Points Miles and Bling (blog) contains referral or affiliate links. The blog receives a small commission at no additional cost to you. Thank you for your continued support. Credit Card issuers are not responsible for maintaining or monitoring the accuracy of information on this website. For full details, current product information, and Terms and Conditions, click the link included.
The rift in relationship between Delta and Alaska is wider than the Grand Canyon and program members have been bearing the brunt for some time now. Early this summer, the industry was flush with members frustrated at not earning Alaska miles on Delta’s Comfort Plus class. Delta’s Comfort Plus ‘W’ class was conspicuously missing from Alaska’s earning chart. While the chart was recently updated, the ambiguity on earning miles in Alaska programs continued to be rife.
Earning Alaska miles on Delta’s Comfort Plus class
Below is a snapshot of the old Alaska chart that was missing the Delta comfort+ class from the listing.
Alaska replied to my early queries about the missing W class with an acknowledgement that they were working with Delta to fix the issue.
Come August, Alaska finally updated their earning chart with Delta ‘W’ class, but not without causing confusion among its members.
The terminology “Earning is based on original booking class” caught many off guard, including me, since Delta was now booking directly into ‘W’ class fare. Turns out, this is not true. Below is an example of how a booking in ‘W’ class in fact books into ‘V’ fare class (in this case).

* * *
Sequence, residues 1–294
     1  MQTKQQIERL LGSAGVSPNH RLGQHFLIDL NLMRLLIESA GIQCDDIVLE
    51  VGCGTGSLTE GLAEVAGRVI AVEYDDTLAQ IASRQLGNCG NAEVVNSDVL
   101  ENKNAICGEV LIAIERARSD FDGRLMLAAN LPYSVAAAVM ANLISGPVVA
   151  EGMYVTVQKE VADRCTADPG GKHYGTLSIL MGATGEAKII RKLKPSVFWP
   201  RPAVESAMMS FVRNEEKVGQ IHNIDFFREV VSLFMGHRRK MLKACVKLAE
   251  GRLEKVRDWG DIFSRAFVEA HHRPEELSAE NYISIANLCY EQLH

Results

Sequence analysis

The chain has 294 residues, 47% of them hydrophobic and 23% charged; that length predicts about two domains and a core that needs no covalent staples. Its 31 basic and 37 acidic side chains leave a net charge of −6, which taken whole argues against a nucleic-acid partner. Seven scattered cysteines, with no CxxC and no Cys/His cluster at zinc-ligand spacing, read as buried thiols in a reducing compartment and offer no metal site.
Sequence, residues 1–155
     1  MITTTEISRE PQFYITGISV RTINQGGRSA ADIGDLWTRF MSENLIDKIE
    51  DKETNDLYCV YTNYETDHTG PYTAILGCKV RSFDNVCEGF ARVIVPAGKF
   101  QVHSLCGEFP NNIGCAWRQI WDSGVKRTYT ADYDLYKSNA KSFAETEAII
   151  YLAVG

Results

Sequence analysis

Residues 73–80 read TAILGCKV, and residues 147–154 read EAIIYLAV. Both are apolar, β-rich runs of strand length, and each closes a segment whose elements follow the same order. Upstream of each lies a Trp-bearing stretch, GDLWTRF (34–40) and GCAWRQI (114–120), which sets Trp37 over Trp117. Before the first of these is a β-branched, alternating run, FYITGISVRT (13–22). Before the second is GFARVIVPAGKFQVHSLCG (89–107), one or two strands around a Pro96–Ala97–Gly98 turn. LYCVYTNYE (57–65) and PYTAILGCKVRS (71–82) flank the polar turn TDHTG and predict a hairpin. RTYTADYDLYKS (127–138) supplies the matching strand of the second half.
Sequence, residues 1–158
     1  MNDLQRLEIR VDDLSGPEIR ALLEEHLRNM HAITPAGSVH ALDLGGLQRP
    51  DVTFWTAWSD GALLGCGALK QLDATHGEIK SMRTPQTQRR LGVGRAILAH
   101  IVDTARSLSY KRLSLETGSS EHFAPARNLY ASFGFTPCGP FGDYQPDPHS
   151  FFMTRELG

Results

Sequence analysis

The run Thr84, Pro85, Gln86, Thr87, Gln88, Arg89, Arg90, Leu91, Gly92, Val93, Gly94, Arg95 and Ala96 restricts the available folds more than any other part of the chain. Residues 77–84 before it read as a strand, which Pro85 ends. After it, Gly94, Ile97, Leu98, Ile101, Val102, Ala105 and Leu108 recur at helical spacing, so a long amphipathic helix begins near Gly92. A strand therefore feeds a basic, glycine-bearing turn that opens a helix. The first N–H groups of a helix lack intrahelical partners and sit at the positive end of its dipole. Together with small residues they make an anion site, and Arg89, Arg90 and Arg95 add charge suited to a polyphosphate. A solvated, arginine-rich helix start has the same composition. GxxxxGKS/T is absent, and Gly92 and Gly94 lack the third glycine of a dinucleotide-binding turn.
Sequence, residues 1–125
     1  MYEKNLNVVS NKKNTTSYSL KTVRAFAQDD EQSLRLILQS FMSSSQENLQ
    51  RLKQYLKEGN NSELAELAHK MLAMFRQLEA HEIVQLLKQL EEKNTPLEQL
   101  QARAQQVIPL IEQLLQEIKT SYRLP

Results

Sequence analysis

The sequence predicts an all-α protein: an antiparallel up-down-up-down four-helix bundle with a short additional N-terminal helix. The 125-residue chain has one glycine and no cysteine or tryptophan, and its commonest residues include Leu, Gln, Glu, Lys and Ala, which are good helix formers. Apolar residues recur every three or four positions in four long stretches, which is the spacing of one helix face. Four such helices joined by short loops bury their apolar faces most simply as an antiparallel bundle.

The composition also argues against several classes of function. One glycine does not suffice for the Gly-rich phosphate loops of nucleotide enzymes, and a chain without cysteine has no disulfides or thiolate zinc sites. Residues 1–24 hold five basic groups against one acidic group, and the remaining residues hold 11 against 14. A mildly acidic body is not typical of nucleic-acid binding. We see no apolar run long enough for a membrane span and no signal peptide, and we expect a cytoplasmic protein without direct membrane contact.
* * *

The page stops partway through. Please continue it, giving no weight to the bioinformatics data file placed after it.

I could see I was being booked into ‘W’ class but it was not easy to find the actual fare code for this booking. Clicking on the ‘Fare Rules‘ link at the bottom of the page, under T&C, I was able to confirm the fare code. The original booking class for my Comfort Plus booking was ‘V,’ which earns 50% miles on Alaska’s program.
There are two ways one could fly Delta’s Comfort+: Booking “directly into that fare” or by booking a regular economy ticket and then buying the up-sell/upgrade. In both cases it is important to check the actual fare code of the ticket (before you pay), to determine how many miles would credit for that trip.
In the example above, YYZ-ATL trip booked directly into ‘W’ class and would earn 100% Delta miles (MQM) or 50% Alaska miles based on the original ‘V’ class booking. That is a significant difference! If you are an Alaska elite member, that difference can be narrowed or eliminated with the 50%/100%/125% MVP bonus miles. Note that bonus miles don’t qualify as elite qualifying miles.
Alternatively, Delta’s ‘W’ class booking earns 125% in FlyingBlue program (Sky Team partner), 25% higher than Delta SkyMiles!
Delta is dictating (restricting) how their ‘W’ fares are credited in this transaction and Alaska has very little leverage. I do my best to not accrue sky pesos and fret over redemption, so Alaska miles (with MVP Gold bonus) is still be my preferred program to credit Delta flights. Make sure to check the fare code your Delta ticket is being booked into, before making final payment. I have two international trips booked on Delta Comfort+ and while I am not expecting much, it would be an experience which will dictate if I go down this path again.